Africa Fashion: An ‘Afrotopia’ of Fashion, Photography and History from the Continent’s Brightest Creatives


For anyone paying attention, African fashion has definitively made its mark across the globe, becoming a category brand of its own, and informing an immensely relevant and meaningful global conversation about the role of the continent in fashion’s future. At the African Fashion exhibition, an immense undertaking of a show that recently opened at The Brooklyn Museum in New York City, the future and the legacy of African fashion is being presented at a scale rarely experienced — an ambitious perspective on this exciting time in the industry at one of the largest presentations of its kind.

Africa Fashion highlights the journey from the independence era to the present, tracing the pivotal role fashion played in Africa’s cultural renaissance during its liberation years and the foundation it laid for today’s fashion revolution. Originally organised by the V&A in London, the exhibition has since been adapted for The Brooklyn Museum by Ernestine White-Mifetu, who is currently the Sills Foundation Curator of African Art, and Annissa Malvoisin, from the Bard Graduate Centre and currently the Brooklyn Museum’s Postdoctoral Fellow in the Arts of Africa.

With contributions from the Museum’s Arts of Africa, Photography, Arts of the Islamic World, Contemporary Art, and Egyptian, Classical, Ancient Near Eastern Art, and other collections, the exhibition delves into the continent’s rich cultural history — a captivating presentation that White describes as an, “immersive presentation of African creativity that highlights not only fashion but also the dynamic diversity of talent coming from the continent.”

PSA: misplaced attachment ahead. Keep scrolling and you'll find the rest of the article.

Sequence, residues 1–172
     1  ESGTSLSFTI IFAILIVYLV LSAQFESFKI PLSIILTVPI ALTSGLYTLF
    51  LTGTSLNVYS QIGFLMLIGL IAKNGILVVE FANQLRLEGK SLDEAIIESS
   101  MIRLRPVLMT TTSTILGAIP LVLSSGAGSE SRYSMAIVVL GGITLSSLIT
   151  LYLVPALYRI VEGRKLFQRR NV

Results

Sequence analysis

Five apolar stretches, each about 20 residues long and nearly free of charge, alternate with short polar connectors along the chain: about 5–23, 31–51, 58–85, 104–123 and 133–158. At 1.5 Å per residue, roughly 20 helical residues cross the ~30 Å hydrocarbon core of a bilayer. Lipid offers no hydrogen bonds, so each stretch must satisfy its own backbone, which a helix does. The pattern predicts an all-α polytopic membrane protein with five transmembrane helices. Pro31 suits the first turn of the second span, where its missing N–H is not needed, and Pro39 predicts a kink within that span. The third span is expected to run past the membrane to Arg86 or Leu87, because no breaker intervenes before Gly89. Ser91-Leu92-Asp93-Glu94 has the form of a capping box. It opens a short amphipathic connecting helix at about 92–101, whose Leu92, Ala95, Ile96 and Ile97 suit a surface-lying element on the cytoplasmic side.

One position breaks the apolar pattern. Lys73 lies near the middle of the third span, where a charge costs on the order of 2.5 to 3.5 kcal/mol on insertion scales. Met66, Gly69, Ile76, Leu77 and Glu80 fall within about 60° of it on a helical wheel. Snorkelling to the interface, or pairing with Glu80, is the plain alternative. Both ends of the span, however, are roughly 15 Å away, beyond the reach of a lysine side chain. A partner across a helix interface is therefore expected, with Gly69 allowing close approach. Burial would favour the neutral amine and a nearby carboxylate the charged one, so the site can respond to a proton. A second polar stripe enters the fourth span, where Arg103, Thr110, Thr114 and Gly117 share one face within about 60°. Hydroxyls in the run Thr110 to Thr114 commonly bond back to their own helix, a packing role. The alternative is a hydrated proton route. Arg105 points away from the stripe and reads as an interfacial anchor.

The showcase brings together over forty designers and artists from twenty African countries, with many of their works making their debut appearance in the United States. Among the remarkable talents featured is an extensive showing of leading South African creatives, including celebrated names like Trevor Stuurman, Thebe Magugu, Rich Mnisi, and Zanele Muholi, whose works continue to capture the global imagination.

A Journey Through Time

The exhibition commences with the independence era, spanning from the 1950s to the 1990s. This transformative period witnessed a surge of Pan-Africanism that brought with it a sense of a unified postcolonial identity where fashion and expression played integral roles in shaping the creative movement that followed the political upheaval. In the Cultural Renaissance section that kicks things off, the show moves through the radical shifts of the era’s creativity, bringing fashion, photography, literature, and memorabilia into a narrative that is as diverse as protest posters and album cover art.

From there, Africa Fashion moves to the Politics and Poetics of Cloth where the curators explore the political significance of indigenous cloth-making and how it has been worn across the continent. Featuring extraordinary archives of textiles from the Museum’s Arts of Africa collection, displays of wax prints, commemorative cloth, and kente cloth, we begin to understand the power of traditional fabrics as cultural symbols and their role in this new creative movement.

Celebrating The Continent’s Pioneers